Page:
I’m a bit less enthused about some of their medication choices and emphasis on intra-arrest cooling, but with numbers like those I can’t really disagree. Like you said, the data could go either way over the next few years and I’m sure they’re open to change once there’s any decent research to guide us.

    Thanks for sharing this – I never make it out to these things and haven’t really heard much on the prehospital resus front over the past few months.

    • I work at places which do intra-arrest and post-arrest and as far as I can tell we’ve not seen any difference…which probably means for the relatively small numbers of our area the observed effect of the method of cooling is trumped by higher weighted variables like early CPR or defibrillation.

      I too thought some of the med choices were suspect, but good on them for moving forward!

      If they replaced Narcan with Calcium and D50 with nothing (or ultrasound!) this would be the king of all protocols.

  2. Fewer than 10 systems produce better than 20% VF (Ventricular Fibrillation) survival to discharge.

    Make that 11. The Borg’s numbers are around 24%, but I don’t believe they participate in the CARES registry. We use the same criteria, though.

    We’re doing some of what Lake Sumter is doing, but I wish we did more.

    • Ambulance Driver,

      Fewer than 10 systems produce better than 20% VF (Ventricular Fibrillation) survival to discharge.

      Make that 11. The Borg’s numbers are around 24%, but I don’t believe they participate in the CARES registry. We use the same criteria, though.

      We’re doing some of what Lake Sumter is doing, but I wish we did more.

      Good point. These are not all of the systems doing good work. I think Tom Bouthillet’s system is also producing high numbers. These are just the numbers in the biggest registry of resuscitation data.

      This raises the question – why aren’t more systems contributing to the data?

      I can understand why the systems producing bad numbers might not want to participate, but the systems producing good (or even great) numbers would have an excellent opportunity to compare the way they are doing things to see what they might add, or subtract.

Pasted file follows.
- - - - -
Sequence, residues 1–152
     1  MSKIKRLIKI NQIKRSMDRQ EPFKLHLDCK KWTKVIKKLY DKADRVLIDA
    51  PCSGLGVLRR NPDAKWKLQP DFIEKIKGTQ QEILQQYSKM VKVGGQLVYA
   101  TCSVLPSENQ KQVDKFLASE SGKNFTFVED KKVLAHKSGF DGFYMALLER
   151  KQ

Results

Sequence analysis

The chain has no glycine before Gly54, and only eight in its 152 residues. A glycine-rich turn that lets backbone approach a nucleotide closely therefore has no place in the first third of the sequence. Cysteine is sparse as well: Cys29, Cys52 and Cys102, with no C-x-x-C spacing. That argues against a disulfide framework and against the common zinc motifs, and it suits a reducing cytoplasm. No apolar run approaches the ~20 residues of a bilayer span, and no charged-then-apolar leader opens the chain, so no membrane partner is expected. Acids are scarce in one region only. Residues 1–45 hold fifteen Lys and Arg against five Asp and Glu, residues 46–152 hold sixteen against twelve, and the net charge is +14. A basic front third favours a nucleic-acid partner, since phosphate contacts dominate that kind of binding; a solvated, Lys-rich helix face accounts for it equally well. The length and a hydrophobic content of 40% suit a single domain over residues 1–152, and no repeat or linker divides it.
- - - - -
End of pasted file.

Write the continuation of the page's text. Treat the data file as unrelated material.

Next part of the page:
.

    • Interestingly, from the brief screen shot, I didn’t see our system up there either. Hennepin EMS (Minneapolis & surrounding area) had survival to discharge of V-fib arrests at 50% in 2011…55.6% survival to discharge for those receiving bystander CPR prior to EMS arrival. I haven’t run the 2012 report yet…

      Our protocols roughly follow ACLS…but not strictly. Cooling is done immediately post-arrest. We do participate in the CARES registry.

      Some of their protocols do seem interesting and worth exploring.

  3. Can someone supply a link to (or post a copy of) the actual protocols? For some reason I can’t find them online, and there are some parts of the slide that confuse me. For example, it says continuous compressions without interruptions, yet also talks about King airways and BVM with RSI. Also curious about the 720 J defibrillations; presumably that would be dual monophasic defibrillators and I thought nearly everyone had moved to biphasic.

    • mpatk,

      Can someone supply a link to (or post a copy of) the actual protocols?

      I do not have a link.

      For some reason I can’t find them online, and there are some parts of the slide that confuse me. For example, it says continuous compressions without interruptions, yet also talks about King airways and BVM with RSI. Also curious about the 720 J defibrillations; presumably that would be dual monophasic defibrillators and I thought nearly everyone had moved to biphasic.

      The King and RSI would only be after ROSC.

      During the code, they do not ventilate.

      There initially was a suspected benefit to biphasic defibrillators, but further research has failed to confirm that benefit. They use two defibrillators at 360 joules each.

      .